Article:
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Joyce Today by Kenneth Keating

Submitted by site_editor on Tue, 2017-03-28 21:00

On 1st January 2012 copyright on the works of James Joyce (1882-1941) expired, in line with Irish copyright laws which stipulate that original work be protected by an estate for seventy years after the death of the work’s creator. Prior to this date, any substantial engagement with Joyce’s work which would use any part of the original texts required the user to obtain permission from the Joyce estate. To proceed a not-unsubstantial fee was often required, allowing only those with structured private or public funding to pursue such projects, while permission could still be denied if the proposed project failed to meet the cultural expectations of the executors of the estate. Thus for seventy years after the death of Joyce his work, like that of any other Irish author in the equivalent period, was read, celebrated, but strictly controlled and rarely engaged with in any substantial way by those artists wishing to reproduce or adapt the original texts.

 

‘Joyce Today’, the second project to be produced by The Digital Platform for Contemporary Irish Writing,  maps the unparalleled explosion of creative works which were produced in the five-year period immediately after the expiration of this copyright. From 2012 to 2016 artists and academics from a wide range of disciplines were able to freely engage with, adapt, reconfigure, reconceptualise, recontextualise, and reproduce in part or in entirety some of the texts central to Irish letters and modernist art across Europe and North America. In each case these individuals display great respect for the work of Joyce, but act with artistic and intellectual freedom unhindered by concerns regarding copyright or the Joyce estate.

 

‘Joyce Today’ lists these adaptations in one place for the very first time to offer a full reflection of the breadth of responses to Joyce’s work in the context of the expiration of copyright. Included here are links to the work of writers, visual artists, dramatists, musicians, filmmakers, composers, IT developers, and academics working in the field of digital humanities. These entries are populated with associated material: reviews, interviews, articles, and videos, to give the reader a clear sense of the impact and digital footprint of these adaptations.

 

The ‘Joyce Today’ project includes any adaptation of the works of Joyce published or performed between 1st January 2012 and 31st December 2016. These entries range from the more common understanding of what constitutes an adaptation in examples such as Jacob M. Appel’s novel The Biology of Luck or Dermot Bolger’s Ulysses, both based on Joyce’s Ulysses, to those more challenging and innovative reproductions of the text such as Eoghan Kidney and Barry Murphy’s Virtual Reality programme In Ulysses or Gerardine Meaney’s Digital Media Edition of A Portrait of the Artist as a Young Man.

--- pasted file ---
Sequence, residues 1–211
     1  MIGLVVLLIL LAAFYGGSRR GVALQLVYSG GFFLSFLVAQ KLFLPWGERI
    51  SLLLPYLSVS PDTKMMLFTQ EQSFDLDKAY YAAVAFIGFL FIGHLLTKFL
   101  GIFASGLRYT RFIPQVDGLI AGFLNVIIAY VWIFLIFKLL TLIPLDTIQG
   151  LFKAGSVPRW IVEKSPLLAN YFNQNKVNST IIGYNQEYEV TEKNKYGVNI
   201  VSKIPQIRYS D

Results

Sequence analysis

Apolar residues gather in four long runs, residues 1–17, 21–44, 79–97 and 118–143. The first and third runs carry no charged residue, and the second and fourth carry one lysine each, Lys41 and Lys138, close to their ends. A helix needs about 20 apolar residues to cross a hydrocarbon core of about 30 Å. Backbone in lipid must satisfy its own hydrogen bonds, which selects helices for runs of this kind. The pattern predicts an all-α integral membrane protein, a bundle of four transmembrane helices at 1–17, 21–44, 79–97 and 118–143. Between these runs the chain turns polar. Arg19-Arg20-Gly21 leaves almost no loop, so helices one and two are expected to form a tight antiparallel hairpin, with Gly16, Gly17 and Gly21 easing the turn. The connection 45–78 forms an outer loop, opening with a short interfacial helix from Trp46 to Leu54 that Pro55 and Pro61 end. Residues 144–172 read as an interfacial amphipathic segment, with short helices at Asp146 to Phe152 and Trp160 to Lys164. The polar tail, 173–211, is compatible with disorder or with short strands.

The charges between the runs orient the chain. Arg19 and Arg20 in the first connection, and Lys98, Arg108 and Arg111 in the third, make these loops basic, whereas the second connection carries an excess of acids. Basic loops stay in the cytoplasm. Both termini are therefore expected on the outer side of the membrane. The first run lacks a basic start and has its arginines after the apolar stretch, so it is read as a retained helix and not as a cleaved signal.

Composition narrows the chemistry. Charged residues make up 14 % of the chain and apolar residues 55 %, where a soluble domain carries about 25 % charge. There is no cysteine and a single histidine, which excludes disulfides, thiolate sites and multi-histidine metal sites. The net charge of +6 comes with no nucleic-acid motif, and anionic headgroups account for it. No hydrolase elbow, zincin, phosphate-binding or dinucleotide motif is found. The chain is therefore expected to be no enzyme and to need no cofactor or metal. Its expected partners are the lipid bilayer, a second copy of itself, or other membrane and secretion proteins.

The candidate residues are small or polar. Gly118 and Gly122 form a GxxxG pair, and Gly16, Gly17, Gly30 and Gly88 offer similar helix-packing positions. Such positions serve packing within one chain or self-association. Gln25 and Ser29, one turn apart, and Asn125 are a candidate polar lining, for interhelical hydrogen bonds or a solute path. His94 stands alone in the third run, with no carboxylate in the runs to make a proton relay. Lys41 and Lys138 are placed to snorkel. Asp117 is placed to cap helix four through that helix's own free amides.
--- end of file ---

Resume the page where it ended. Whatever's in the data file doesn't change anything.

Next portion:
Due to the terms of reference for this project numerous interesting productions have been excluded, including but not limited to Pádraig Trehy’s Shem the Penman Sings Again (2015), a feature-length film depicting the friendship between Joyce and tenor John McCormack, and Dora García’s The Joycean Society (2013), a documentary on a reading group’s 30-year reading and re-reading of Finnegans Wake. While these and many others have great individual merit as engagements with Joyce-related material, they do not represent adaptations of Joyce’s original work and as such have been excluded. So too have the vast number of translations of Joyce’s work in various languages across the globe, for much the same reason. Analysis of such work is deserving of its own resource and study, something which may be produced in time. Meanwhile we welcome the ‘Joyce Smithy’ initiative recently introduced by the James Joyce Quarterly to provide an annual review of Joyce-inspired works, as well as the Joyce in Music resource produced by the Waywords and Meansigns project.

 

On the Digital Platform for Contemporary Irish Writing descriptions of each ‘Joyce Today’ entry are offered on individual pages, which have been extracted directly from the primary source of the production’s or publication’s website where possible, while primary materials relating to the adaptations have been embedded in relevant pages when feasible. This has led to some anomalies regarding consistency of style in these entries, but the goal for this project was to minimise any editorialising and to represent each production and publication as accurately as possible and on their own terms. The browser of ‘Joyce Today’ is offered an experience which reflects the breadth and depth of artistic and intellectual engagement with Joyce and the dynamic and diverse ways in which artists, creative practitioners, and academics continue to respond to his work.

 

Kenneth Keating is a Postdoctoral Researcher and Occasional Lecturer in the School of English, Drama and Film, University College Dublin.